Murder in the Cathedral

What Does Thomas Resolve At the End of Act I

My teacher is asking this question, and to be honest I'm quite confused. She gave me the page number (46) but I don't know if you have the same book as me, so I'll tell you the part. "And you, must all be punished. So must you. I shall no longer act or suffer, to the sword's end. etc (read all the way until the end of Act1).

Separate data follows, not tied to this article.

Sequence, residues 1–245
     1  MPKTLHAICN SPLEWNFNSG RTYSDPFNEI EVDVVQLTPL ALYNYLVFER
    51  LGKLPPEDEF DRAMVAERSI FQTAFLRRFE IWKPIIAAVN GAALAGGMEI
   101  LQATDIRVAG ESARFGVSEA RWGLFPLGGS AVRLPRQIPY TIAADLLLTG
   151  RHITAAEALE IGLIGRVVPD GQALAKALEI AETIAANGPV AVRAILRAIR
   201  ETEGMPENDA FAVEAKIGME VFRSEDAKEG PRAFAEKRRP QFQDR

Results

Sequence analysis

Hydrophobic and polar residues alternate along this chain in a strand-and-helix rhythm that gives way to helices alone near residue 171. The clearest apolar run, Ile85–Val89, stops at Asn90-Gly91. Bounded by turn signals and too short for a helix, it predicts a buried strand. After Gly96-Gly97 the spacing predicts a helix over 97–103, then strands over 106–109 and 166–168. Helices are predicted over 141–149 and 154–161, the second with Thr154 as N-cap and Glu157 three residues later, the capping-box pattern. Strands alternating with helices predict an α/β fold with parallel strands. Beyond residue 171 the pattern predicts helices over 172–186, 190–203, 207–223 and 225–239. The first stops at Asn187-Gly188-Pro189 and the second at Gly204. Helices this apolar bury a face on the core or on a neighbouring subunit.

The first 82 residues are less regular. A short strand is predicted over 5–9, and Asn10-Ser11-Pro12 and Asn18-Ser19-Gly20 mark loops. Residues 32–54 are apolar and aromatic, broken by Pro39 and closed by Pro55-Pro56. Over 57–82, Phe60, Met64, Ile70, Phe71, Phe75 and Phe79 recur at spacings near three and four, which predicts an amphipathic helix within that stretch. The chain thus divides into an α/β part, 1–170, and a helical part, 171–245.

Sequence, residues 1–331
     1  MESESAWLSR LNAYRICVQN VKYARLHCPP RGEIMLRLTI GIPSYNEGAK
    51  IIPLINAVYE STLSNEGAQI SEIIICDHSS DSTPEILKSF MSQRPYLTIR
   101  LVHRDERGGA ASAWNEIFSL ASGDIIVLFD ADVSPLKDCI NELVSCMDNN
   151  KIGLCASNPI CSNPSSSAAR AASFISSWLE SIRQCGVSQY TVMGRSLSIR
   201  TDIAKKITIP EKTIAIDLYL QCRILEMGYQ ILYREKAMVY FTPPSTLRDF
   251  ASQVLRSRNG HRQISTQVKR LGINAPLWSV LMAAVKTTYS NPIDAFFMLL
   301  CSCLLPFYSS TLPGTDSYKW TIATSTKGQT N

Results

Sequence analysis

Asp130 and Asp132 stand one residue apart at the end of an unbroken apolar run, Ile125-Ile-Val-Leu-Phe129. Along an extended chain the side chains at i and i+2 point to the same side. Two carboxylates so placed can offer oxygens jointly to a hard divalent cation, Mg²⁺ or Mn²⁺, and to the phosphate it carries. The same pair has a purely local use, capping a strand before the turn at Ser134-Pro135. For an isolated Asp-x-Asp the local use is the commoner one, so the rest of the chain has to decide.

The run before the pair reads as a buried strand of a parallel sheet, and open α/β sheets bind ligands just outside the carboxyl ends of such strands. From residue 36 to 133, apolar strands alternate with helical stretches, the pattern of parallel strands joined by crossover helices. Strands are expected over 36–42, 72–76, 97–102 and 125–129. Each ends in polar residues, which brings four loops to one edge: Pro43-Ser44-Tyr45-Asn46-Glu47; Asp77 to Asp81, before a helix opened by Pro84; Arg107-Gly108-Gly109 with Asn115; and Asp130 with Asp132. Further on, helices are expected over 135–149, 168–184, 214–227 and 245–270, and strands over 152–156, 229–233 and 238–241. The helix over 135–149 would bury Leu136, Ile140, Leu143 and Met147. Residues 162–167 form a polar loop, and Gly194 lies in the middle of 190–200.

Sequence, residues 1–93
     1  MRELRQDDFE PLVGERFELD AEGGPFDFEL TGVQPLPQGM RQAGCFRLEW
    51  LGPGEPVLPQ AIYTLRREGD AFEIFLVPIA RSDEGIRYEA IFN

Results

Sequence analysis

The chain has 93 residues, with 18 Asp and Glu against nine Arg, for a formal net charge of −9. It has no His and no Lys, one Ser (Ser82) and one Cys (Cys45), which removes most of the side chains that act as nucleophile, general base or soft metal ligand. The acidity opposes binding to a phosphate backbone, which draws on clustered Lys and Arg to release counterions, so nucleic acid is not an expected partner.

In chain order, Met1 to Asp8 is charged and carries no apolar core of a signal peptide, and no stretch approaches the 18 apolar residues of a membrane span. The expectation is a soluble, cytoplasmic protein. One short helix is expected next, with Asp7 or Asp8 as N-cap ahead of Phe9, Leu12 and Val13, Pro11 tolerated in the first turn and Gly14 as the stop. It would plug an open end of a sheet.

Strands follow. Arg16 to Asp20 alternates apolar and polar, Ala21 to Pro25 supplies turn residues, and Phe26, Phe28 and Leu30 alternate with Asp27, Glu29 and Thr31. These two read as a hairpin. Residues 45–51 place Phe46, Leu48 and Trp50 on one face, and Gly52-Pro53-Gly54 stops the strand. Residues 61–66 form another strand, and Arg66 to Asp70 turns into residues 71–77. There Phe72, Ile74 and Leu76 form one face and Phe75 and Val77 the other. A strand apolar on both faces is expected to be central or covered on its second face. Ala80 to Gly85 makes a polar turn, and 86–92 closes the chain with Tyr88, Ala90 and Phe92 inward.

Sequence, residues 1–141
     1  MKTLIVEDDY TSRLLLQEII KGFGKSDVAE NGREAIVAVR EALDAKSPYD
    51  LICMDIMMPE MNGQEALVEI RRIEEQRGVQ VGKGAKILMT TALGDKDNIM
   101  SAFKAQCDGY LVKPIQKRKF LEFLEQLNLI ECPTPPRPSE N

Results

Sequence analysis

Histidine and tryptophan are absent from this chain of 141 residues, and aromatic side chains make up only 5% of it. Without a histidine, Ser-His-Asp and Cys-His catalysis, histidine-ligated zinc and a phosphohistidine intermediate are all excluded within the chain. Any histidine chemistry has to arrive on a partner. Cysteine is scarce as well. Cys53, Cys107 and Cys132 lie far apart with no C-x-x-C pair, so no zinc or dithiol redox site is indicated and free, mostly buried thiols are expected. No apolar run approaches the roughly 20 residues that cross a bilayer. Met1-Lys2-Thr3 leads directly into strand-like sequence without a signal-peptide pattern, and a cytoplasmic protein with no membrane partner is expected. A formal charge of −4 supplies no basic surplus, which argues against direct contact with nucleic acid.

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Thomas has made up his mind. He announces that the "way [is] clear" and "the meaning plain." He acknowledges the danger of the Fourth Tempter, who begged him "to do the right deed for the wrong reason." He tells how he once sought only pleasure and fame in life and never wanted to devote his life to God. In fact, he always feared that by devoting his life to the highest purpose of God, he might be more inclined to use that power and authority corruptly. He acknowledges that by accepting martyrdom, he might be judged harshly by history, but that nobody can control such things. He announces his decision: he will "no longer act or suffer," and will instead face `his martyrdom not as something he wants, but as something he is willing to accept (196-197). He has accepted his fate.